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You’ve never used Facebook before, but everyone keeps saying it’s so good for your online presence as an author. But you don’t really know the first thing about it. This post is for you.
There is a profile page and there is a Fan Page. This post is meant to help you distinguish between them.
When you go to facebook.com, it will prompt you to sign up. All you need is a name, email address, and birthday. Your name should be your real name (or you might be able to get away with your valid pen name) because Facebook will delete your account if they find out that your profile is not a real person. You have to give your birthday only because they want to make sure you’re twelve years old or older–you can select not to display your birthday to anyone in your privacy settings. Your email address has to be your valid email address, but it doesn’t have to be the main one you use. You can set up Facebook to email you whenever someone writes on your wall, sends you a message, etc.
Congratulations. You’ve created a profile. You do not have to add anything else to your profile, but you’re certainly welcome to. If you are concerned about privacy, then don’t put a photo of yourself or tell Facebook anything you don’t want people to know. It can’t invade your privacy if you don’t offer up your secrets. Everyone who joins Facebook automatically gets a profile. But not everyone has a Fan Page–you have to create one yourself.
The real way to get fans isn’t from your profile. It’s from your Fan Page. Your Fan Page will have all the content you want to give away about your book, you as an author, your other projects. Remember to be transparent without losing your privacy. Here, you should add a photo of you or your book. You should add tabs to display exclusive content. Make the wall a platform for conversation among you and your fans. (To create a Fan Page, after you log in, go to facebook.com/pages and click Create Page in the upper right.)
“A Fan Page is searchable in google. A profile is not.” —Cindy Ratzlaff
A Fan Page looks like this: http://www.facebook.com/plainketchup
Your friends are connected to your profile. Your fans are connected to your Fan Page. You get friends by searching their names in the search bar, clicking request friend, and waiting for them to accept (they may also search for you and request to be your friend). A friend is someone you have allowed see your whole profile page. You can change your privacy settings so that only friends see your whole profile, friends of friends, or everyone. (Friends is recommended.) You get fans by accumulating people who have clicked the “like” button on your Fan Page. You do not have to invite or confirm their fan-ship. You can, however, invite your friends to also become fans by clicking “suggest to friends” under your picture on the Fan Page. Here is another post I did on how to best use your Fan Page.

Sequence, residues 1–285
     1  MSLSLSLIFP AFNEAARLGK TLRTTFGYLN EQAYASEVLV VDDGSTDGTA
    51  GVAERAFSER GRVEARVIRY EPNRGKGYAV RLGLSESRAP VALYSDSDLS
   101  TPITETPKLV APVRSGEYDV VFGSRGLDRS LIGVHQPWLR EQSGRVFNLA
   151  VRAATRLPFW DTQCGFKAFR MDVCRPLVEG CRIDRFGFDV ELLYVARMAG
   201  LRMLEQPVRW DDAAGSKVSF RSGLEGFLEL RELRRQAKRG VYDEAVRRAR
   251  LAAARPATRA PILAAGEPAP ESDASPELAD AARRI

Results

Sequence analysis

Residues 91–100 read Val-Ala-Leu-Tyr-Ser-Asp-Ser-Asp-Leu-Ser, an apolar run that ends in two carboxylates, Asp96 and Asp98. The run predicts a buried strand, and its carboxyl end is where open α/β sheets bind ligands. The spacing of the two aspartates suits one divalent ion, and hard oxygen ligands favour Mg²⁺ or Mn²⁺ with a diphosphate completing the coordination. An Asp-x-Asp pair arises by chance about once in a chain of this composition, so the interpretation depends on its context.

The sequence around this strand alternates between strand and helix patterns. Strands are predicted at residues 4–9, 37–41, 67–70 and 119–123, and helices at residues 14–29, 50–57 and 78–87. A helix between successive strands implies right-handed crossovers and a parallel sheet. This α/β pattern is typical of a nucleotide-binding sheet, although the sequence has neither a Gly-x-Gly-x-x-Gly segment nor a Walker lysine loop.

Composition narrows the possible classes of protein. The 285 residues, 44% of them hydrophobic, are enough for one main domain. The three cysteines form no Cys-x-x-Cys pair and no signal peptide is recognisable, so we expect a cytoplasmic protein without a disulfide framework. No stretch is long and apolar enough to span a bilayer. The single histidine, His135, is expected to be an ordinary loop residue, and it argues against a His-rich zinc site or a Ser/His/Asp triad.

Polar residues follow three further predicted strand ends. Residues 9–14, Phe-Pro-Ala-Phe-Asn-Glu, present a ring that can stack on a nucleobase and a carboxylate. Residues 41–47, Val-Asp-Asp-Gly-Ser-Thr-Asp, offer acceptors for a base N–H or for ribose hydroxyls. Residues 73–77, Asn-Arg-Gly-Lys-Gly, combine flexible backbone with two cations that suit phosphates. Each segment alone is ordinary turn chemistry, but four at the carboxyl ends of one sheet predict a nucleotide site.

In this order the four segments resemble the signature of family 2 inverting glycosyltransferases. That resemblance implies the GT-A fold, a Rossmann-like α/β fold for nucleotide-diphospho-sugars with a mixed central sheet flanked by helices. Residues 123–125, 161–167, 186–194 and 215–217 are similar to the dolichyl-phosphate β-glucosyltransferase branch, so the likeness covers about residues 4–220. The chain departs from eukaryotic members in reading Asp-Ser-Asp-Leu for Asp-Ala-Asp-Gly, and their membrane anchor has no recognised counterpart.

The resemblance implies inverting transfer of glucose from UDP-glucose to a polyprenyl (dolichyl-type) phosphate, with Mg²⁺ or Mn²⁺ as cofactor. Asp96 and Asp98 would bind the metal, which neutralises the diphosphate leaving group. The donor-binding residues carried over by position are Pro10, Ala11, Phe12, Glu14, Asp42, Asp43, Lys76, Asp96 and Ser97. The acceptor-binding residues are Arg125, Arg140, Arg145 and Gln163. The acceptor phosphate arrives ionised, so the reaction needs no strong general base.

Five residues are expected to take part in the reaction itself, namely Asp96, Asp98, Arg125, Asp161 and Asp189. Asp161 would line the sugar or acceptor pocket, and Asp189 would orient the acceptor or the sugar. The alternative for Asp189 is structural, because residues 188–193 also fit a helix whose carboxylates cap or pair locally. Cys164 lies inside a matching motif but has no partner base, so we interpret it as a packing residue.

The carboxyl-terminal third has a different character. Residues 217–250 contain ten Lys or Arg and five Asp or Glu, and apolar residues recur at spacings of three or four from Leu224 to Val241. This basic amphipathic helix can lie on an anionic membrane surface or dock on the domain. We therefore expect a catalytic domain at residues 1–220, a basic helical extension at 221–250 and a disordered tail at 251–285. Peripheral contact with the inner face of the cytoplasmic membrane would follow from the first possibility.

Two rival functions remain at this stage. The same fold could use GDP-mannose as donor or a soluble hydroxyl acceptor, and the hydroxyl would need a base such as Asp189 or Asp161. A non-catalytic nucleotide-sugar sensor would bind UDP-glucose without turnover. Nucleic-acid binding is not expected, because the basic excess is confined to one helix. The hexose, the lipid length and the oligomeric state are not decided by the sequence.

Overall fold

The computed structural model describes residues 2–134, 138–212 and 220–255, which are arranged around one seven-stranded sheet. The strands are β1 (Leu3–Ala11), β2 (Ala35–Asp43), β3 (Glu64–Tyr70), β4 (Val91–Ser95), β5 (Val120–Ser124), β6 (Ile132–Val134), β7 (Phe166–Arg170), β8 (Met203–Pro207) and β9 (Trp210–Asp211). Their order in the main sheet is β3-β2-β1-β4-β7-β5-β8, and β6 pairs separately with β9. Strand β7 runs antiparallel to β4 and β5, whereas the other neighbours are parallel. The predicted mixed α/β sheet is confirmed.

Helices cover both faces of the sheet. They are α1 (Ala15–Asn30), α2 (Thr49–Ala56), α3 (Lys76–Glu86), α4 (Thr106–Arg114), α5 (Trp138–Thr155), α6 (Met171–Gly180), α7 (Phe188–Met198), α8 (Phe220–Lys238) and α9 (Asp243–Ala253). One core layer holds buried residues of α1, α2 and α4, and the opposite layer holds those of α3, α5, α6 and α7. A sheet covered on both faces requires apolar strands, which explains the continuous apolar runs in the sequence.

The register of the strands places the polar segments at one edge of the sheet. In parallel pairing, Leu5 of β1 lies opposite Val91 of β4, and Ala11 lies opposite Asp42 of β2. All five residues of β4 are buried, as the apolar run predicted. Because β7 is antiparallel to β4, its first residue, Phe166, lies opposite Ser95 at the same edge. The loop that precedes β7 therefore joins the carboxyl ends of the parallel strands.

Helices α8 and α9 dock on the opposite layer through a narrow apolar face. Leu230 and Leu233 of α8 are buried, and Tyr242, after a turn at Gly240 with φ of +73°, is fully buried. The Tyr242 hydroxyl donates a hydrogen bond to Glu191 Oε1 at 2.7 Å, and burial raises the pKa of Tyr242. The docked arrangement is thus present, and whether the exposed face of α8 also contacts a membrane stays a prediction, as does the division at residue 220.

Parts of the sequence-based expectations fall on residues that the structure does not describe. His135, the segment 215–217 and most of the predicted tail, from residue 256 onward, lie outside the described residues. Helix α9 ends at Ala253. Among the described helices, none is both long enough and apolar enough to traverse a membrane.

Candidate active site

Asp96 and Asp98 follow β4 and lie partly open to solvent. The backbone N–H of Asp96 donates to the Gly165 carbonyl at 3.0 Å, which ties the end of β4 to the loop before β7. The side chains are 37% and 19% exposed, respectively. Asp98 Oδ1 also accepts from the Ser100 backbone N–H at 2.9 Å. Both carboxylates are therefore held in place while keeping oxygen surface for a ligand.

Okay, so you have all the default tabs set up, but your Facebook Fan Page is lacking spark, no? Don’t worry. You can add as many custom pages as you want. Think of it like building your own website. Whatever you want on it, can be on it. Many people have actually deleted their websites in favor of just having a Facebook Fan Page. I don’t suggest you go that far, but it shows you how powerful this interface can be.
Probably the most important tab you can create is the landing page or welcome tab. You can title it anything you like, but the function of this page is to introduce new people to what you’re all about. Give a brief hello message and say exactly what this page is and what people can expect from it. Why should they bother “liking” your fan page? What’s in it for them? Mention a couple of your most important tabs, such as “Visit our WATCH TAB for book trailers and video interviews with [insert name].” Include a graphic or video to spice things up. If you have any sort of contest going right now, this is a great place to plug it. That alone could win you some fans.
There are two ways to create a Welcome Tab. One is to take Facebook’s template, which you can find here. You just click “add to my page,” select your page, and then on you page you click the + tab and select “Welcome.” On your page, when you click “edit my page,” you will have a box that says “Welcome.” You can choose to “edit” it to create your own custom content.
The other way to do it is when you have clicked “edit my page,” at the bottom of the page, you will see the option to add an FBML application. Click that, click “add to my page,” select your page, and then on your page you click the + tab and select “FBML.” On your page, when you click “edit my page,” you will have a box that says “FBML.” You can choose to “edit” it to create your own custom content including the title of the tab. FBML means that you can type words, format with codes like “<BR>” for line break, etc. You can add photos, videos, links, anything. See my post on FBML for details.